DA ROMA AL MARE/FROM ROME TO THE SEA
"To describe space: to name it, to trace it. Like those portolano-makers who saturated the coastlines with the names of harbours, the names of capes, the names of inlets, until in the end the land was only separated from the sea by a continuous ribbon of text."
Georges Perec: Espèces d’espaces, 1974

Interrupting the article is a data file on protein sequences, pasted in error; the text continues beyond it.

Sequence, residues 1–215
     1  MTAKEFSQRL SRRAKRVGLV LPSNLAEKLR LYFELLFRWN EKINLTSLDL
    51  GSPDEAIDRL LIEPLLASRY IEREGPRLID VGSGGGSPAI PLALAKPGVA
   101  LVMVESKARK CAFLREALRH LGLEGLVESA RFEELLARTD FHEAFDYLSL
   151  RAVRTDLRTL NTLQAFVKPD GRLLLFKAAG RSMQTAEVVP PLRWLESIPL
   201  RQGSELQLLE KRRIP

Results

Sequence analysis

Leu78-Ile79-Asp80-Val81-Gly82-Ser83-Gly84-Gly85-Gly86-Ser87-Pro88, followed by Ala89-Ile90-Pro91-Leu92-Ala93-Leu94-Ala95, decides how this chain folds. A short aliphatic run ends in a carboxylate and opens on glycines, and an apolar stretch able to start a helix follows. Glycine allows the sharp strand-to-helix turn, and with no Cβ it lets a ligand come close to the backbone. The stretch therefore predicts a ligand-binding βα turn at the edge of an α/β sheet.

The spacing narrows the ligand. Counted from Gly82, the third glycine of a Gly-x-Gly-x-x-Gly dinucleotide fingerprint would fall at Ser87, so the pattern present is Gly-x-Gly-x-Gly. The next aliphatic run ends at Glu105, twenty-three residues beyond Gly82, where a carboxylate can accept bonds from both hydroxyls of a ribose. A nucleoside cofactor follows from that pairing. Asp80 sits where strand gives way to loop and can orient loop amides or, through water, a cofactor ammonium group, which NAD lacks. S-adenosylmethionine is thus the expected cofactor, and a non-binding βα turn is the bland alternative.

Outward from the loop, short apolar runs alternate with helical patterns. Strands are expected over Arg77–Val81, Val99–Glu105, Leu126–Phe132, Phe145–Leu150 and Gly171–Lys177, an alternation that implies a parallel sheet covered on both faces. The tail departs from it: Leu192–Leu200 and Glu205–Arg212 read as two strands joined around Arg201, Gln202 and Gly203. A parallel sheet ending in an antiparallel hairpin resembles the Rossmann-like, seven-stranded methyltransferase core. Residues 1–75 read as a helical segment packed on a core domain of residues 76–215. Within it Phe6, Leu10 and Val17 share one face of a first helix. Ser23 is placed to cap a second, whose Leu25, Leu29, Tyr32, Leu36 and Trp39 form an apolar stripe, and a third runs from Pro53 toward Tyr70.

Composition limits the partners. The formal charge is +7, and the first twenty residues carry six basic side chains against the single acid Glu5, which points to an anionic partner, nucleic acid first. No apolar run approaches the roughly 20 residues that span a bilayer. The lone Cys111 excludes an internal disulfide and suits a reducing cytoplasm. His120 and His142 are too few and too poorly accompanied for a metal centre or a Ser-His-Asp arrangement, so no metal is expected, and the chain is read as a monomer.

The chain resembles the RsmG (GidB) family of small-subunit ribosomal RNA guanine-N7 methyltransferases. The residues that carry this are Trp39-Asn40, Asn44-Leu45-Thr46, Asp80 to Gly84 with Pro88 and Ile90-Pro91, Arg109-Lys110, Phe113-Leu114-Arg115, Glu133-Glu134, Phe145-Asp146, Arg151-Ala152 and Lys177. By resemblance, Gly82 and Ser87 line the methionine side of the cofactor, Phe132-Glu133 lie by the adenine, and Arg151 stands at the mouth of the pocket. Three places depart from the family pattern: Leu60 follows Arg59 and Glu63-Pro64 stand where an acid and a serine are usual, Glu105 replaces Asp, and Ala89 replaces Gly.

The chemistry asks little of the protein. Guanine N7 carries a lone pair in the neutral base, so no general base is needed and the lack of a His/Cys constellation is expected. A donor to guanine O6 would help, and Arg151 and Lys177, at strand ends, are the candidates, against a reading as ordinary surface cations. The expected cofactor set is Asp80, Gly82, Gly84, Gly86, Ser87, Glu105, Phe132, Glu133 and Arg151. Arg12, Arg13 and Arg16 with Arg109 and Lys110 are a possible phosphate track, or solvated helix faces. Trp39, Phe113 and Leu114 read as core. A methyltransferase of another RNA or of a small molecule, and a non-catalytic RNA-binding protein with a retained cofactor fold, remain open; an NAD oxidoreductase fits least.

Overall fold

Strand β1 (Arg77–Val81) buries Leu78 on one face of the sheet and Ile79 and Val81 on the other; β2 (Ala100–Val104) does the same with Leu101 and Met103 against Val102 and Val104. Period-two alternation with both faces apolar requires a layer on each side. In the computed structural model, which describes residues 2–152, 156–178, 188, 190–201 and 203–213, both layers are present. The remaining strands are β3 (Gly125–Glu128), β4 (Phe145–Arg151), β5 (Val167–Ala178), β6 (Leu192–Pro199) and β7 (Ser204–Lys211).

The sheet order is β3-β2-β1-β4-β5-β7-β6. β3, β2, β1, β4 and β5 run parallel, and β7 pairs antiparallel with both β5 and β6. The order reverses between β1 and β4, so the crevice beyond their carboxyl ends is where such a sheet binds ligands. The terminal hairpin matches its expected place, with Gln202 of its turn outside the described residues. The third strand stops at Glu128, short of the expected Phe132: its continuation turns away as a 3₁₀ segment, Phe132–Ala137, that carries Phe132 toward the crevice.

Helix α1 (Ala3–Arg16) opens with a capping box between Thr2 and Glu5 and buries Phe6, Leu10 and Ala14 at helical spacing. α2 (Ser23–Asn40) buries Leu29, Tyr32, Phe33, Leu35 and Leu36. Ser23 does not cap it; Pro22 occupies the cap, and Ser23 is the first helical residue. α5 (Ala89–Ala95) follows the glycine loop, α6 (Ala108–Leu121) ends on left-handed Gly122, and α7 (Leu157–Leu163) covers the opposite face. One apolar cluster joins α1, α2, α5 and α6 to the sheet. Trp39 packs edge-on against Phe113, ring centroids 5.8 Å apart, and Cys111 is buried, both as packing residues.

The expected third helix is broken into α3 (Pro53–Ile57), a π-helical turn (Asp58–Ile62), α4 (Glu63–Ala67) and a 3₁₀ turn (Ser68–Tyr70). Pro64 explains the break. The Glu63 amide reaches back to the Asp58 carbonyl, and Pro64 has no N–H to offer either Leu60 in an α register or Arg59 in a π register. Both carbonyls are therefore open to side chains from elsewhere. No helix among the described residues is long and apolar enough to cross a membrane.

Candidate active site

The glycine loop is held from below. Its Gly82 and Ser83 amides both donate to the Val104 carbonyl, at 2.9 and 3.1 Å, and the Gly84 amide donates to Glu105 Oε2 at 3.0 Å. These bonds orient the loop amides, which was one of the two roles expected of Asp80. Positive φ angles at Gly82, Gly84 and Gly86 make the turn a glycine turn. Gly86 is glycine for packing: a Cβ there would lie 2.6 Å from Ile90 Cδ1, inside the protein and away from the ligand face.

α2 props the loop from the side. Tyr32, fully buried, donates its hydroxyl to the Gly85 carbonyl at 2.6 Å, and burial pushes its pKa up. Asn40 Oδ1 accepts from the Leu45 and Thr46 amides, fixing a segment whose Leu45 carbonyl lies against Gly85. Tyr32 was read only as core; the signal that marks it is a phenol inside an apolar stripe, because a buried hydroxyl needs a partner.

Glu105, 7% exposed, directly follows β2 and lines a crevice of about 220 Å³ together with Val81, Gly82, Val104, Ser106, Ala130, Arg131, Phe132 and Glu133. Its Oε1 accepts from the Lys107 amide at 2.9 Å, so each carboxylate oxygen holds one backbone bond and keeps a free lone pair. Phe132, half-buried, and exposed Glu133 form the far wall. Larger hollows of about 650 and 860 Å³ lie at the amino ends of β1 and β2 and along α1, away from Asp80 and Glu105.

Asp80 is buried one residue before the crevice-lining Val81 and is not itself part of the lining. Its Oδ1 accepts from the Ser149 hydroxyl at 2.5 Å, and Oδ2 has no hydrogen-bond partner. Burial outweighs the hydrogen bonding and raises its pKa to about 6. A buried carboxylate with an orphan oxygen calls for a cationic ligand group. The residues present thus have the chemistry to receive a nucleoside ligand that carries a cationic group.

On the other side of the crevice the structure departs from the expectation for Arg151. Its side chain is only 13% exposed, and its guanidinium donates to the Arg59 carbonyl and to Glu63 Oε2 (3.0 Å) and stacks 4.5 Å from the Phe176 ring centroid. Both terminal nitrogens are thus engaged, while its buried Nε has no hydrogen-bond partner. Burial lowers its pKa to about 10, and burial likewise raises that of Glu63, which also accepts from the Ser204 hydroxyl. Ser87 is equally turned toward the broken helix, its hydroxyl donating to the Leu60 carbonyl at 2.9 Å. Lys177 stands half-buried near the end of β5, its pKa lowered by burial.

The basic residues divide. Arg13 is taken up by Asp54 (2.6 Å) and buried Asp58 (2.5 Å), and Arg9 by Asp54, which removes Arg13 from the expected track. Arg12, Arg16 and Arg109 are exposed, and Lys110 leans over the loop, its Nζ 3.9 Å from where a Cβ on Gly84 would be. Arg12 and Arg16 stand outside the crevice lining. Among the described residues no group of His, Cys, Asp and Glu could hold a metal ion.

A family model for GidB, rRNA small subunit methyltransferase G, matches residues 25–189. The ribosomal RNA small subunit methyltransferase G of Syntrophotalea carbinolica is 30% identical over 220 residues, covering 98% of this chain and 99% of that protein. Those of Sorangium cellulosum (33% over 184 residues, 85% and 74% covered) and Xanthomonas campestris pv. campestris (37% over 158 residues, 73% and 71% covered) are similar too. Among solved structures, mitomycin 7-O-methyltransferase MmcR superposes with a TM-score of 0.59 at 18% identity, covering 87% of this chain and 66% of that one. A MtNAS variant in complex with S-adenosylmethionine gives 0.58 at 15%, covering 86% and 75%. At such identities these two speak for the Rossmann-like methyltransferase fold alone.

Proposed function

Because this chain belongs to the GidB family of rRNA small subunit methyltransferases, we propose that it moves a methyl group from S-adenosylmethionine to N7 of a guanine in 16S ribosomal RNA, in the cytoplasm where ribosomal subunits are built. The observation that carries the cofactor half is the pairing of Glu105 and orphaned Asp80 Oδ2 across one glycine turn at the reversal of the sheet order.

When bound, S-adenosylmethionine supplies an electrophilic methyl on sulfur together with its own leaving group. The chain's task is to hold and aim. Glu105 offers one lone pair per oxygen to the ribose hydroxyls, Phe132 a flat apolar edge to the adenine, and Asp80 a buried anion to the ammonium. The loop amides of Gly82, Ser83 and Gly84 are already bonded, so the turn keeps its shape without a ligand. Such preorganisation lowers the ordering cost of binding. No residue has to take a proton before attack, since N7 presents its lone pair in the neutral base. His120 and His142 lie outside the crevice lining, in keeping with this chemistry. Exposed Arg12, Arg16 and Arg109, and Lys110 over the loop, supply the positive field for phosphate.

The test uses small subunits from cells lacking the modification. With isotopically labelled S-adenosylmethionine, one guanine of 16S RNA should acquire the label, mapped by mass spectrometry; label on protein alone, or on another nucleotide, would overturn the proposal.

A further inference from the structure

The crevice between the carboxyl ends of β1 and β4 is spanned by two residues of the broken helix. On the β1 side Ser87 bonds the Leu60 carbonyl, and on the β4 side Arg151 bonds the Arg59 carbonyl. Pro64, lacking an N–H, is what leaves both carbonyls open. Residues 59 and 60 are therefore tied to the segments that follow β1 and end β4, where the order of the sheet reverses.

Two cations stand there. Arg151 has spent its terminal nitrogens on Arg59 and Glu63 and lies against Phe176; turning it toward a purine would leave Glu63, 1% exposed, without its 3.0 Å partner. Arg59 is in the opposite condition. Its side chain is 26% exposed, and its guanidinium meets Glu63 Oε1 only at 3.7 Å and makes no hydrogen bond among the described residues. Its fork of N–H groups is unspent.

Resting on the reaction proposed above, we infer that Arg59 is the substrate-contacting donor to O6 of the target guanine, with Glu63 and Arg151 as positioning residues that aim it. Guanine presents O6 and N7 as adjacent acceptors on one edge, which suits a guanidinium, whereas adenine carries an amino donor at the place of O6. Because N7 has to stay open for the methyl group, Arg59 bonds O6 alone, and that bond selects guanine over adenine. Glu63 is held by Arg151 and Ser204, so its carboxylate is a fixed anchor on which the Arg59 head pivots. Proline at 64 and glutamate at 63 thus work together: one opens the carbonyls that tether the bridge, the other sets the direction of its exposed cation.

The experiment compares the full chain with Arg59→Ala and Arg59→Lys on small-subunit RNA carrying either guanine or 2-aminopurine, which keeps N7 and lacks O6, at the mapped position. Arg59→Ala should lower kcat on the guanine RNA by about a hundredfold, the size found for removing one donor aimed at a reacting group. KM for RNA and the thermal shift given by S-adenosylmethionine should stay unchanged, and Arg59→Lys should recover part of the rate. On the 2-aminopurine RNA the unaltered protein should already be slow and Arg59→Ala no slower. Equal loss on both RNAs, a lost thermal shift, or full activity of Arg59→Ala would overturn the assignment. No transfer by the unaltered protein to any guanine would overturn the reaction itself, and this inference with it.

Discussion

Da Roma al Mare is a study of the Tiber River. Essentially an urban investigation, it stems from an interest in the contemporary positions expressed by cities toward their waterways. But the project is also an exploration into the language of mapping practices, mapping as both abstraction and intervention. It is a reading of landscape, infrastructure, and imperial networks. And it is an analysis of the meaning of navigation, the description of a trajectory to be understood in space, time, and direction. The 396-kilometer course of the Tiber River is the scope of the project, from its source in Emilia-Romagna to its confluence with the Tyrrhenian, focusing on its urban course from Rome to the antique port of Ostia and the sea. It is also the scientifically precise navigational chart of Aeneas, a plotting of his course from the mouth of the Tiber to the site of the new empire. Da Roma al Mare is a meditation on drawing, on landscape, on infrastructure. It evolves from a fascination with human intervention in the landscape, a reading of imprints, expressed by a civilization undertaking a journey from the mountains to the city to the vastness of the sea.